Kubrick’s (very) informal science fiction series consists of films that seem to rewrite each others’ messages — in STRANGELOVE, mankind is all-but doomed by the brilliance of its scientific thinking and the stupidity of its political and military thinking — in 2001, space travel offers the possibility of a way out of this mess by contacting smarter beings who may help us — in CLOCKWORK ORANGE we’re on our own: the great achievement of evolution is “man — the killer ape” and the great achievement of science is dehumanisation — politics continues to be totally fucked — if THE SHINING qualifies as SF because it relies on ESP and quasi-explains its ghosts with a version of Nigel Kneale’s Stone Tape Theory, then we learn that ESP isn’t very helpful and ghosts are assholes: politics plays no central role but human beings are vulnerable and evil is imperishable — and if A.I. qualifies as a Kubrick film (I’d say only somewhat), it shows his latter-day thinking: human beings are too flawed to survive but we might be able to make something that will outlast us.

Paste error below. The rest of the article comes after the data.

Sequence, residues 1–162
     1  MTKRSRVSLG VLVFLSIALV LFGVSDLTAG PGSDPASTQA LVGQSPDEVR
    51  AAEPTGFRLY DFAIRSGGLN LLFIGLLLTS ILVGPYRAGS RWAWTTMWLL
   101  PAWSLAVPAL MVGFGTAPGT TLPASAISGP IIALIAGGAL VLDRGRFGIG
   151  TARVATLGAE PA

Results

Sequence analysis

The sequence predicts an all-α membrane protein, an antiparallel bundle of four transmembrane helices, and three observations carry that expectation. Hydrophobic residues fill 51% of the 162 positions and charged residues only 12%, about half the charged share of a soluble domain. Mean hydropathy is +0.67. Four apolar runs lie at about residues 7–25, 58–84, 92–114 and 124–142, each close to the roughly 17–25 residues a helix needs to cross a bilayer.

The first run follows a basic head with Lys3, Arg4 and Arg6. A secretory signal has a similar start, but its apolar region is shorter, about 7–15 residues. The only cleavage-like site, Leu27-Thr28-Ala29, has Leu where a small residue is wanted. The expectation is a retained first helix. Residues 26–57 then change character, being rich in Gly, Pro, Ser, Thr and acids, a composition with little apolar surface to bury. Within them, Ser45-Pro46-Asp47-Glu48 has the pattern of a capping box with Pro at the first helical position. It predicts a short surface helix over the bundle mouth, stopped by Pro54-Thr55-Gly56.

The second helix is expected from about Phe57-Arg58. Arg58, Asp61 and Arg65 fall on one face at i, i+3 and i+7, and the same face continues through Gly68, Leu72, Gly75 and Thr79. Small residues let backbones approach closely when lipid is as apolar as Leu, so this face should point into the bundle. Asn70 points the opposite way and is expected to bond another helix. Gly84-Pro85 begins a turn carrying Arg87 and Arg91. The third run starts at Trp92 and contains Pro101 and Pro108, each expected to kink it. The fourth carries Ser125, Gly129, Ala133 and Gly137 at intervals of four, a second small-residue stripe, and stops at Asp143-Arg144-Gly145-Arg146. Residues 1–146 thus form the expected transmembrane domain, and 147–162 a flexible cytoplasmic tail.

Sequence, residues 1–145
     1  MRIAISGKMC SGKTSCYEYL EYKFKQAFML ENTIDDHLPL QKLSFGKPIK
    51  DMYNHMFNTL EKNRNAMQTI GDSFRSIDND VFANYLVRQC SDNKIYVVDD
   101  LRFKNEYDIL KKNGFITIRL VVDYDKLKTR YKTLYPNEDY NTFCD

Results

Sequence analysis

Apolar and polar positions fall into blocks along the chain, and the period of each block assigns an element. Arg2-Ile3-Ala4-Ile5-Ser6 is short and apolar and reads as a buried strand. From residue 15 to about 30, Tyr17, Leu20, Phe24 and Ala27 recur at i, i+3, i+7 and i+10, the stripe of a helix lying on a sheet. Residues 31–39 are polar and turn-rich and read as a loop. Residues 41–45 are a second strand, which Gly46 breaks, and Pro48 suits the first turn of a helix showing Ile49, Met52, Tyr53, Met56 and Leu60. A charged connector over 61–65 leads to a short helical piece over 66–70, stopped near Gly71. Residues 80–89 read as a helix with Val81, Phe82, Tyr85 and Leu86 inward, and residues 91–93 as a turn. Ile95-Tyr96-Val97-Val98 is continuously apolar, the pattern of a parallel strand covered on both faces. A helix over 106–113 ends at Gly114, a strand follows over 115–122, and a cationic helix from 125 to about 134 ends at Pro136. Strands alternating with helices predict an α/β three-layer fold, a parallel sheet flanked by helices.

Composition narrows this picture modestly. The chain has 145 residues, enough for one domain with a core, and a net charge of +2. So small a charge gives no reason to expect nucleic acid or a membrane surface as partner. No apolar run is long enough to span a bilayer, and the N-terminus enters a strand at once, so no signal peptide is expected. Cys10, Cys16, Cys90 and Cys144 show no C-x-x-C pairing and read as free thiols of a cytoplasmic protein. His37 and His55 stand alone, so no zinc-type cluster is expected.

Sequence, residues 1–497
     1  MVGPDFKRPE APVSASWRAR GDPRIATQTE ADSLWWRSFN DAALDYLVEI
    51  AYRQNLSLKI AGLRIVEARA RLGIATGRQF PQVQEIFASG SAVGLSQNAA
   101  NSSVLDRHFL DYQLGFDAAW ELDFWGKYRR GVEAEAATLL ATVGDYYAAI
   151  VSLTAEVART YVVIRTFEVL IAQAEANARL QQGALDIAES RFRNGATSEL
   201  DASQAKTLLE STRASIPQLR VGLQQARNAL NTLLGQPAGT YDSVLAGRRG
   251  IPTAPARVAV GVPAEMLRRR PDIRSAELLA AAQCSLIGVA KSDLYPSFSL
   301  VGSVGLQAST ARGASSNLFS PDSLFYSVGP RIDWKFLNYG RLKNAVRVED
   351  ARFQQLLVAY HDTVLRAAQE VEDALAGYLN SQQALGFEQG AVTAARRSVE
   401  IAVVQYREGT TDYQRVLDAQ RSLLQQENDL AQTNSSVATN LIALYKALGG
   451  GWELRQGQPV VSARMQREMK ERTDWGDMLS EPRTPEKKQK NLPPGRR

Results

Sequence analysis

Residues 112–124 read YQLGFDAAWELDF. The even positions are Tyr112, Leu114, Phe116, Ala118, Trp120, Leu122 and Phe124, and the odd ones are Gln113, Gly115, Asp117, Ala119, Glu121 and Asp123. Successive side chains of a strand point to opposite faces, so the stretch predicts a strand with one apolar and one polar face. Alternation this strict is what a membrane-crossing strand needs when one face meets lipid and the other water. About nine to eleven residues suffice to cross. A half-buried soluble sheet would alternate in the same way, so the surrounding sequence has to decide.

(In CLOCKWORK ORANGE scientists produce a mechanical human, organic yet functioning mechanically — what Burgess meant by the title. In A.I. they achieve the opposite, Kubrick’s anti-Frankenstein myth.)

Lots of variety in that “series,” tending towards the somewhat pessimistic. But it’s realistic to say that, since nothing lasts forever, human beings have only a certain amount of time to footer around, and optimistic to say we might get to play a role in choosing our own successors, be they starchildren or Giacometti androids.

I know a lot of people aren’t interested in these questions — it’s all a long way off. But the end of humanity always fascinated and worried me, along with the end of the universe. Maybe it’s not too soon to start planning for the heat death? And in fact, extinction, and not prosperity, may be just around the corner. Kubrick seems like one of the few filmmakers to be seriously thinking these thoughts.

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An Odyssey in Bits: White White White is the Color of our Carpet

Posted in FILM with tags , , , , , , , , , , , , on March 19, 2019 by dcairns